Hoosiers positioned well after 1st leg of Big Ten play

It hasn’t happened often for Indiana in recent seasons.

But when it has, a 2-0 start to conference play has proved especially meaningful for the Hoosiers.

Tuesday’s 64-62 victory at Penn State marked the third time since the 2012-13 campaign that IU has opened Big Ten season with a pair of wins. In each of the last two seasons that happened — 2013 and 2016 — the Hoosiers went on to win the league.

There are, of course, 18 more conference games in store for Indiana once Big Ten season returns for good on Jan. 3. In a conference enjoying renewed depth, there are no sure things.

But by grinding out a couple wins during the first leg of league play, IU has a head start on competing in a conference angling itself as the best in the country.

“Once January starts to roll around, you look back on it and say, ‘Man, those things counted just the same as the ones in January and February,'” Indiana coach Archie Miller said. “For us to be able to get our first two was really good, especially the one on the road.”

Indiana isn’t among the seven Big Ten teams ranked inside the Associated Press top 25 this week. Though, perhaps more importantly, it’s one of the five Big Ten squads that have authored 2-0 starts to conference play, joining the likes of No. 5 Michigan, No. 10 Michigan State, No. 12 Wisconsin and No. 19 Ohio State.

The Hoosiers claimed their status through a pair of two-point victories, including last Saturday’s win over Northwestern and Tuesday’s trip to Penn State. For Indiana, those victories marked the first time since Feb. 12 and Feb. 19, 1994, that the program has won back-to-back two-point decisions in league play.

Close games could very likely be the norm for Big Ten teams this season, with the league playing above its preseason projections. Not only are seven teams ranked in the AP poll, eight Big Ten programs — including IU at No. 23 — are featured inside the top 30 of the KenPom.com ratings.

In passing their first two league tests, the Hoosiers are positioned well for what’s to come.

“It’s hard in this league,” Miller said. “If you just watch it right now, it’s gonna be a bear once we get into January and February. For us, we’re happy about it. We have to finish off non-conference right now, then once January rolls around, we’ll get back into it.”

At the same time, Indiana demonstrated in each of the first two league games that it has work to do if it hopes to avoid similarly narrow contests moving forward.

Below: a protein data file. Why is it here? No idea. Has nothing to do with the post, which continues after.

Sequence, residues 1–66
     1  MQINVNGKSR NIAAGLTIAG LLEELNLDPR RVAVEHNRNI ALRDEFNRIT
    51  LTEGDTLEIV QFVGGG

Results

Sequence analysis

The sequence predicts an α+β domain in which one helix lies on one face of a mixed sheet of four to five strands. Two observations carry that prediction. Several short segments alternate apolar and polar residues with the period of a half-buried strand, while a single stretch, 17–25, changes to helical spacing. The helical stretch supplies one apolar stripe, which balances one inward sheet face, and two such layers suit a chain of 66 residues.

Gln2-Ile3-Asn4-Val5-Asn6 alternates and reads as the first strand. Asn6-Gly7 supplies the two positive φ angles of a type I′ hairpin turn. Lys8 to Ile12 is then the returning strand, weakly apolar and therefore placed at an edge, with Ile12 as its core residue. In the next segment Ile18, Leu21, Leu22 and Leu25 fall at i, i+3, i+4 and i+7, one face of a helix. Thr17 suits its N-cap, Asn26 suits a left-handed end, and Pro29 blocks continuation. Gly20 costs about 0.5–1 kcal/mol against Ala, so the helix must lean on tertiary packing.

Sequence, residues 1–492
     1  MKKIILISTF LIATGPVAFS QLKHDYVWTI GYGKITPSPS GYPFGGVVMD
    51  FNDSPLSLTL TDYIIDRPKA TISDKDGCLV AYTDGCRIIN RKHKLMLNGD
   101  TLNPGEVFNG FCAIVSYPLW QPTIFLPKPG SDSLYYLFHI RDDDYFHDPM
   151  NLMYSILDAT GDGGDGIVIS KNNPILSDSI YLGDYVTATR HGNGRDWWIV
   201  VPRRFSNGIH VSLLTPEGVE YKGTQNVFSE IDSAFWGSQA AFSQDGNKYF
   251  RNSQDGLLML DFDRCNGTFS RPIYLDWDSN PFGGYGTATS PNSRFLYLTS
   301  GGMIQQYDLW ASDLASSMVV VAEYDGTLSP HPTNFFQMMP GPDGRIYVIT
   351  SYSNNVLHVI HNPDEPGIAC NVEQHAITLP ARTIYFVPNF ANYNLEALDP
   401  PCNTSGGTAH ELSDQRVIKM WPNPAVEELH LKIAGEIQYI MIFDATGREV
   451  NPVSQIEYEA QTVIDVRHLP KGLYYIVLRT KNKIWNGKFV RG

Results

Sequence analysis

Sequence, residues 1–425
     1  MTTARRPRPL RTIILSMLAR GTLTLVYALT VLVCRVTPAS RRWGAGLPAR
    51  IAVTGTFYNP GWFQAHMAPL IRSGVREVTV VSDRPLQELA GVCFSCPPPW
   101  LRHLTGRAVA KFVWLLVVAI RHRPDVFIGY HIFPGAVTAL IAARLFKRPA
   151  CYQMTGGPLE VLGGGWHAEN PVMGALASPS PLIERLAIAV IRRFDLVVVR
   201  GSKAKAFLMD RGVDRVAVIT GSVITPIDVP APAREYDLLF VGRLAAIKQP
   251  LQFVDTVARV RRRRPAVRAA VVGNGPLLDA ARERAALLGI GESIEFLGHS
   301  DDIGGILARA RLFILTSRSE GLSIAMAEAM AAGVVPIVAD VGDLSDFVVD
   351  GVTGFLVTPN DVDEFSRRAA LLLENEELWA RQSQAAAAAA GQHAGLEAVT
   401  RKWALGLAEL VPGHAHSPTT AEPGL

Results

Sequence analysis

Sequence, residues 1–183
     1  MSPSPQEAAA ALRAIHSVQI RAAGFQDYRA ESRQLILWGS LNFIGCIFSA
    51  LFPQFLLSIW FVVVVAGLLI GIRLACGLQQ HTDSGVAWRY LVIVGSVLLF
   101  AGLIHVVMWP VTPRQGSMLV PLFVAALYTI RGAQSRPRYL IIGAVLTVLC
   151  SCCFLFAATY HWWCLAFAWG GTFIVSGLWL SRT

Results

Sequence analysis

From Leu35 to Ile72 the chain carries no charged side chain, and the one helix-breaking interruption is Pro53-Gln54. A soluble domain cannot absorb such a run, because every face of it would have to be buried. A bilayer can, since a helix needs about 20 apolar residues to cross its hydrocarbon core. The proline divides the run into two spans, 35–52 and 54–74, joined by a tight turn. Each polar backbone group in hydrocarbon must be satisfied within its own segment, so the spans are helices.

At Penn State, the Hoosiers saw their 11-point lead get whittled down to merely two points in the final four minutes. In an attempt to kill clock, the Hoosiers seemed to take themselves out of any offensive rhythm.

Indiana had as many field goals (11) as turnovers during the final half, and got outscored 10-1 across the final 3:14. As strong as star freshman guard Romeo Langford played while scoring 15 of his 17 points during the first period, he attempted only three shots in the second half — and only one in the final eight minutes.

The Hoosiers are also in need of more production from bouncy sophomore starting forward Justin Smith, who went scoreless in 25 minutes at Penn State. After averaging 15 points across IU’s final four regular season games last season, Smith projected as a much-needed third scoring option entering this season. So far, he’s averaging only five points against IU’s five major-conference opponents to date.

Not to be overlooked, a concerning trend of slow starts is also developing for this IU team.

The Hoosiers found themselves trailing Penn State 9-0 in the first four minutes Tuesday after struggling to develop anything more than a five-point lead against Northwestern on Saturday.

At Duke on Nov. 27, the Blue Devils didn’t relinquish their double-digit lead after going up by 12 points seven minutes into the contest. IU also had to overcome a sluggish start in its win over UC Davis on Nov 23, when the Hoosiers found themselves trailing the Aggies by 14 points midway through the first half.

Still, IU has an overall body of work to feel good about.

The Hoosiers are a last-moment tip-in at Arkansas away from being 8-1 heading into Saturday’s game vs. Louisville at Simon Skjodt Assembly Hall.

They’ve held all but one of their opponents (Duke) under a point per possession on the defensive end, while producing an offensive efficiency rating that ranks 36th nationally, per KenPom.com.

As important as anything, Indiana has a two-win cushion in the conference, a crucial mark that bodes well for the Hoosiers’ future.

“Coach said it’s really big,” freshman point guard Rob Phinisee said. “I know the 2-0 start can really help us down the road, so it’s big.”

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